The U.S. government should not be in the business of choosing winners and losers based on special interests. Unfortunately, government agencies often lack the oversight necessary to prevent agency officials from making choices that are free from corruption.
Drakes Bay Oyster Company (DBOC) is a small oyster farm operated by the Lunny family, located on the Point Reyes National Seashore in northern California. For four generations, this family has taken great care to farm the land in this area in a sustainable way, in accordance with practices that have been in place in the area for centuries. The oyster farm, owned by the Lunny family since 2007, employs about 30 people, and is the kind of small business that should be celebrated by a government that has a stagnant economy on its hands.
Unfortunately, the Lunny family is currently fighting for the survival of their business because the federal agencies purposefully manipulated and misrepresented scientific data in an attempt to force the company to close its doors. In November 2012, then-Interior Secretary Ken Salazar chose not to renew DBOC’s use permit for the National Park Service (NPS) land on which the farm operates. This move was a direct appeasement to environmental activists who would like to see the area currently occupied by the Lunnys’ farm become wilderness.
DBOC filed a lawsuit in the U.S. District Court of Northern California where a request for injunction to keep the farm open during the lawsuit is currently pending appeal in the Ninth Circuit. The hearing to decide the fate of the company is on May 14, 2013 in San Francisco.
This family’s business is in jeopardy due to faulty science and lack of government oversight. Instead of looking at all facts available to them, NPS and the Department of the Interior (DOI) chose to rely on flawed science and poorly prepared reports. Throughout the Lunnys’ ordeal, scientific studies that contradict the findings of the ones presented by the federal agencies involved have been available yet ignored.
In August of 2012, on behalf of the Lunnys and Dr. Corey Goodman, Cause of Action filed a request for data correction before the National Park Service. In March, Cause of Action released a report showing how NPS and DOI propelled bad science forward to harm DBOC. Last week, National Academy of Sciences member Dr. Corey Goodman, who has long studied the Drakes Bay Estero, presented new data that invalidates government findings about the impact of the Lunnys’ farm on wildlife in the area, thus invalidating grounds on which opposition to the farm have attempted to claim that DBOC is bad for the environment.
While a 2011 lawsuit against Sec. Salazar confirmed that political influence in an agency’s decision was unacceptable, in the case of DBOC the government willfully ignored data, used flawed methodology, brushed blatant misconduct under the rug and prioritized politics over scientific integrity in order to shut down a business and leave the Lunnys’ employees looking for work.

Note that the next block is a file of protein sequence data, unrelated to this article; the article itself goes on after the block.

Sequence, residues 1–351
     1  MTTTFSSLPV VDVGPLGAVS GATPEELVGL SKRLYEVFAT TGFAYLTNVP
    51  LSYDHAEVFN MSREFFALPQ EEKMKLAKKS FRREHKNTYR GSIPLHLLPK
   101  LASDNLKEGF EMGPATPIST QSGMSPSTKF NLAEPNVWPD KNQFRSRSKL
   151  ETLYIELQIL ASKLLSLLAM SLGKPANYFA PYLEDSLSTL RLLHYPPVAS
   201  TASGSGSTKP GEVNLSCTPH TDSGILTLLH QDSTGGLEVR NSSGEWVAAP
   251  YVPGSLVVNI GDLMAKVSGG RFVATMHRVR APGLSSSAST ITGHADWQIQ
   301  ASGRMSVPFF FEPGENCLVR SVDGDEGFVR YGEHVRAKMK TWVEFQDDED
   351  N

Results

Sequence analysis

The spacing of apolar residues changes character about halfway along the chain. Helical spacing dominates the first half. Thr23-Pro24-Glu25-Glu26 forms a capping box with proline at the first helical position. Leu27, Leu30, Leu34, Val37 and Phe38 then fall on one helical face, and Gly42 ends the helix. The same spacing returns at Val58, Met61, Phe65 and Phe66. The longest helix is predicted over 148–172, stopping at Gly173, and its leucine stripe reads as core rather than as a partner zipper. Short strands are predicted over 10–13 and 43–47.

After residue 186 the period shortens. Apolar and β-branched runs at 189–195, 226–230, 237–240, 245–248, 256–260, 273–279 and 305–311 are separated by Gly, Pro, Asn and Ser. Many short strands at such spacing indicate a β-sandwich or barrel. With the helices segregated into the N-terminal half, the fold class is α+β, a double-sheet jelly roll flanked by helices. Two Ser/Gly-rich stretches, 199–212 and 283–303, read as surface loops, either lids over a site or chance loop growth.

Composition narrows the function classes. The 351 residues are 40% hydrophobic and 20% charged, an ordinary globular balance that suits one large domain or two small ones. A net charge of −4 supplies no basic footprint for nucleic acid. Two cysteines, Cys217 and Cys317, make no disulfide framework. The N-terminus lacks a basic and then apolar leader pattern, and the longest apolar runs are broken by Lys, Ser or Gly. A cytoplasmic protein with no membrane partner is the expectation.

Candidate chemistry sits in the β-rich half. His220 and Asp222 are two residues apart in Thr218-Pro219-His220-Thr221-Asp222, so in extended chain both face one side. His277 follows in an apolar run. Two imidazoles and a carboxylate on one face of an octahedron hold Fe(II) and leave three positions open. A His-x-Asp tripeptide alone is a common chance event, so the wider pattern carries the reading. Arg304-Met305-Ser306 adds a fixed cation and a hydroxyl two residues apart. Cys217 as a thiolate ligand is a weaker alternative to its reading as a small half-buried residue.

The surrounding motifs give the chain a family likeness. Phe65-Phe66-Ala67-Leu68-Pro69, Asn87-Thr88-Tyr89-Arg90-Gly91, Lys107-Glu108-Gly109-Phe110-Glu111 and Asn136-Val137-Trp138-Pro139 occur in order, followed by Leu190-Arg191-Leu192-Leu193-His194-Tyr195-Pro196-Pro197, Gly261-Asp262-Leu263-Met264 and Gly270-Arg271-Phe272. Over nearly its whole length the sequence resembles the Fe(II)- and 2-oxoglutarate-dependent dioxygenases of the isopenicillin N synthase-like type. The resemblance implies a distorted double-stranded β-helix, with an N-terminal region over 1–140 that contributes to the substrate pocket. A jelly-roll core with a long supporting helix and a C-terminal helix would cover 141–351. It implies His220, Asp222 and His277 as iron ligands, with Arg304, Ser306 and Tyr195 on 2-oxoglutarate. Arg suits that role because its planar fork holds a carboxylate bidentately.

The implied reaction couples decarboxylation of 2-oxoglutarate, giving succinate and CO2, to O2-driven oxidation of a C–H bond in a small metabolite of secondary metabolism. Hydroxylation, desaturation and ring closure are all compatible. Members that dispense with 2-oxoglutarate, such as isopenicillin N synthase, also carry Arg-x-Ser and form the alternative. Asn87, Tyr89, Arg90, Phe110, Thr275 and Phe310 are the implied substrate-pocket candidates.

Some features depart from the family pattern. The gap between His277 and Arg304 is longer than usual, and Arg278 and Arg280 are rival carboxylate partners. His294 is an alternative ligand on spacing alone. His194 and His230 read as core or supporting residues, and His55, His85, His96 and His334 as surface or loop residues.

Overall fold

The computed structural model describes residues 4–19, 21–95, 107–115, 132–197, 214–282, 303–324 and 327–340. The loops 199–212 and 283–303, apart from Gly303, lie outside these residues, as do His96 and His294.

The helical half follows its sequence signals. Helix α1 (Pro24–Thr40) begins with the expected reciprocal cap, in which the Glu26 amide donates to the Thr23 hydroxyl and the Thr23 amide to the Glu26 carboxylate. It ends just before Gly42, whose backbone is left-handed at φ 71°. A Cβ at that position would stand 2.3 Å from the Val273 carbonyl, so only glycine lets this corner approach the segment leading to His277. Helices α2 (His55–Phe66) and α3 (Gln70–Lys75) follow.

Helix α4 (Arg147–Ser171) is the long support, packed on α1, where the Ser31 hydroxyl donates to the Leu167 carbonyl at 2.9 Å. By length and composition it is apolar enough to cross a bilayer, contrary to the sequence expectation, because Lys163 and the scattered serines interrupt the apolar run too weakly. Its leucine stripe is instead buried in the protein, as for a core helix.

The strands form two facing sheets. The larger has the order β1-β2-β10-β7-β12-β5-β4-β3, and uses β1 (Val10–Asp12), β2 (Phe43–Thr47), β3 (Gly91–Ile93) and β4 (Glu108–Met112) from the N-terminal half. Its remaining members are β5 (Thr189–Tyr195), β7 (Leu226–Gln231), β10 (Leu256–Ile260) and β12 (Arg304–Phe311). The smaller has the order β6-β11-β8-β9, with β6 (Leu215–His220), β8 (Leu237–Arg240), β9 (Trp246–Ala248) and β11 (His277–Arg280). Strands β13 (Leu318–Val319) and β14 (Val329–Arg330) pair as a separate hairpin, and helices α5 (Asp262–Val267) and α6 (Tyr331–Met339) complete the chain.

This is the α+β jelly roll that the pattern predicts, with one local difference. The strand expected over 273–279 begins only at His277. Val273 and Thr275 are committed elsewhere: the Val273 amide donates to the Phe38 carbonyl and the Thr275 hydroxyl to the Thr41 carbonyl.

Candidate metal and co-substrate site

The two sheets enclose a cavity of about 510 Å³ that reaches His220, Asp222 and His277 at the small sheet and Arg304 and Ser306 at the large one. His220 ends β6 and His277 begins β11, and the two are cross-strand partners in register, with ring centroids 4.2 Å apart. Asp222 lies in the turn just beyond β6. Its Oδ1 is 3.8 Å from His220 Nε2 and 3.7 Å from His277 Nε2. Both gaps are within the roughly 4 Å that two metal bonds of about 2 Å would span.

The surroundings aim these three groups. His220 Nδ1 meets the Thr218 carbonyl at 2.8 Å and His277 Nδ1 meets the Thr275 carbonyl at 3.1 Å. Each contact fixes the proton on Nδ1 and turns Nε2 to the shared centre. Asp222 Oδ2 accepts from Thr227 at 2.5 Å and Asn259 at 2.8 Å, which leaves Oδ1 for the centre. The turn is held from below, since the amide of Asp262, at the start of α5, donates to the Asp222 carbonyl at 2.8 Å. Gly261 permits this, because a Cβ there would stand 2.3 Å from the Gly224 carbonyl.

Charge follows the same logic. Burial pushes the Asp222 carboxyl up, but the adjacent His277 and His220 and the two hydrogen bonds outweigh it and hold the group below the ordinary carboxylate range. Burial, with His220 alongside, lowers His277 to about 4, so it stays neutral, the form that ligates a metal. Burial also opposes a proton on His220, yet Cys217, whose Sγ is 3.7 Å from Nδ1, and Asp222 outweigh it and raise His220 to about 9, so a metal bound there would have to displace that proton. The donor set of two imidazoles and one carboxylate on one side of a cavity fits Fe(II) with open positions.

The decision to rely on flawed science in this case is a direct rejection of the White House Scientific Integrity policy. In his memorandum on scientific integrity to the American public, President Obama pledged to "restore scientific integrity in government decision making."
Despite the President’s pledge, the government officials involved in the decision to close the doors of DBOC were persuaded by science that was manipulated by several government agencies - the Marine Mammal Commission, the National Park Service, the U.S. Geological Survey and the Department of the Interior. All of these agencies lack significant oversight, accountability, and transparency, and as a result have gone unchecked in their manipulation of data.
The lack of agency oversight in the DBOC case is the reason that flawed science was presented to Secretary Salazar, who decided to shut the farm down. Following the May 14 hearing, the Ninth Circuit court could decide to uphold the District Court’s original decision to deny DBOC an injunction, unnecessarily forcing the Lunnys to close their business, layoff their employees and find a way to start anew - after a generations-long tradition of sustainable farming on the Point Reyes National Seashore.
The DBOC case demonstrates that without proper oversight of federal agencies, it is possible for government to abuse taxpayer dollars by failing to commit to scientific integrity, instead using bad science to shut down prosperous businesses owned and operated by hard-working individuals. This is a dangerous precedent to set, and it is not one that should be tolerated by the American people.